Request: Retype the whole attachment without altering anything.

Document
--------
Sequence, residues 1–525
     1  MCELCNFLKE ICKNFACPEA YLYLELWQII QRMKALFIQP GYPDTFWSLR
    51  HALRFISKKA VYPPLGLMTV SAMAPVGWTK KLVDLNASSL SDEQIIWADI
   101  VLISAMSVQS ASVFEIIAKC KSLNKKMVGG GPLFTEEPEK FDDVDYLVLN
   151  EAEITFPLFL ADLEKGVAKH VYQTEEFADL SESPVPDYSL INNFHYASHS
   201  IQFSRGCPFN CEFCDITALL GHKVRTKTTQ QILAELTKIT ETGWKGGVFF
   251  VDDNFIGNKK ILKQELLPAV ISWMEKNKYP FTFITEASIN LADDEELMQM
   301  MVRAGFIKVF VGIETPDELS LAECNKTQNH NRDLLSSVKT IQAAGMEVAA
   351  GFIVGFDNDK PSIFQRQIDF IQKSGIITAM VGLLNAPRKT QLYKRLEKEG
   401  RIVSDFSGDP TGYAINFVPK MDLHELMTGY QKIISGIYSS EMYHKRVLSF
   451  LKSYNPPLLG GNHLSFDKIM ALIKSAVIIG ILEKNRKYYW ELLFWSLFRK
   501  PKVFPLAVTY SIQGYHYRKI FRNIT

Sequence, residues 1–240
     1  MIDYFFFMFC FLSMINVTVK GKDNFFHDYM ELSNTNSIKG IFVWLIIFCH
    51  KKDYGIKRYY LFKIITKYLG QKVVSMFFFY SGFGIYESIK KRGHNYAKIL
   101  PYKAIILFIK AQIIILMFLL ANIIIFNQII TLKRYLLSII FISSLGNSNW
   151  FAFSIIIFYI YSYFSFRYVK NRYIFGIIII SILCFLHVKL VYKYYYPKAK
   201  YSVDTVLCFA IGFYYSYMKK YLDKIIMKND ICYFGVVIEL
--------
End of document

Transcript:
Sequence, residues 1–525
     1  MCELCNFLKE ICKNFACPEA YLYLELWQII QRMKALFIQP GYPDTFWSLR
    51  HALRFISKKA VYPPLGLMTV SAMAPVGWTK KLVDLNASSL SDEQIIWADI
   101  VLISAMSVQS ASVFEIIAKC KSLNKKMVGG GPLFTEEPEK FDDVDYLVLN
   151  EAEITFPLFL ADLEKGVAKH VYQTEEFADL SESPVPDYSL INNFHYASHS
   201  IQFSRGCPFN CEFCDITALL GHKVRTKTTQ QILAELTKIT ETGWKGGVFF
   251  VDDNFIGNKK ILKQELLPAV ISWMEKNKYP FTFITEASIN LADDEELMQM
   301  MVRAGFIKVF VGIETPDELS LAECNKTQNH NRDLLSSVKT IQAAGMEVAA
   351  GFIVGFDNDK PSIFQRQIDF IQKSGIITAM VGLLNAPRKT QLYKRLEKEG
   401  RIVSDFSGDP TGYAINFVPK MDLHELMTGY QKIISGIYSS EMYHKRVLSF
   451  LKSYNPPLLG GNHLSFDKIM ALIKSAVIIG ILEKNRKYYW ELLFWSLFRK
   501  PKVFPLAVTY SIQGYHYRKI FRNIT

Sequence, residues 1–240
     1  MIDYFFFMFC FLSMINVTVK GKDNFFHDYM ELSNTNSIKG IFVWLIIFCH
    51  KKDYGIKRYY LFKIITKYLG QKVVSMFFFY SGFGIYESIK KRGHNYAKIL
   101  PYKAIILFIK AQIIILMFLL ANIIIFNQII TLKRYLLSII FISSLGNSNW
   151  FAFSIIIFYI YSYFSFRYVK NRYIFGIIII SILCFLHVKL VYKYYYPKAK
   201  YSVDTVLCFA IGFYYSYMKK YLDKIIMKND ICYFGVVIEL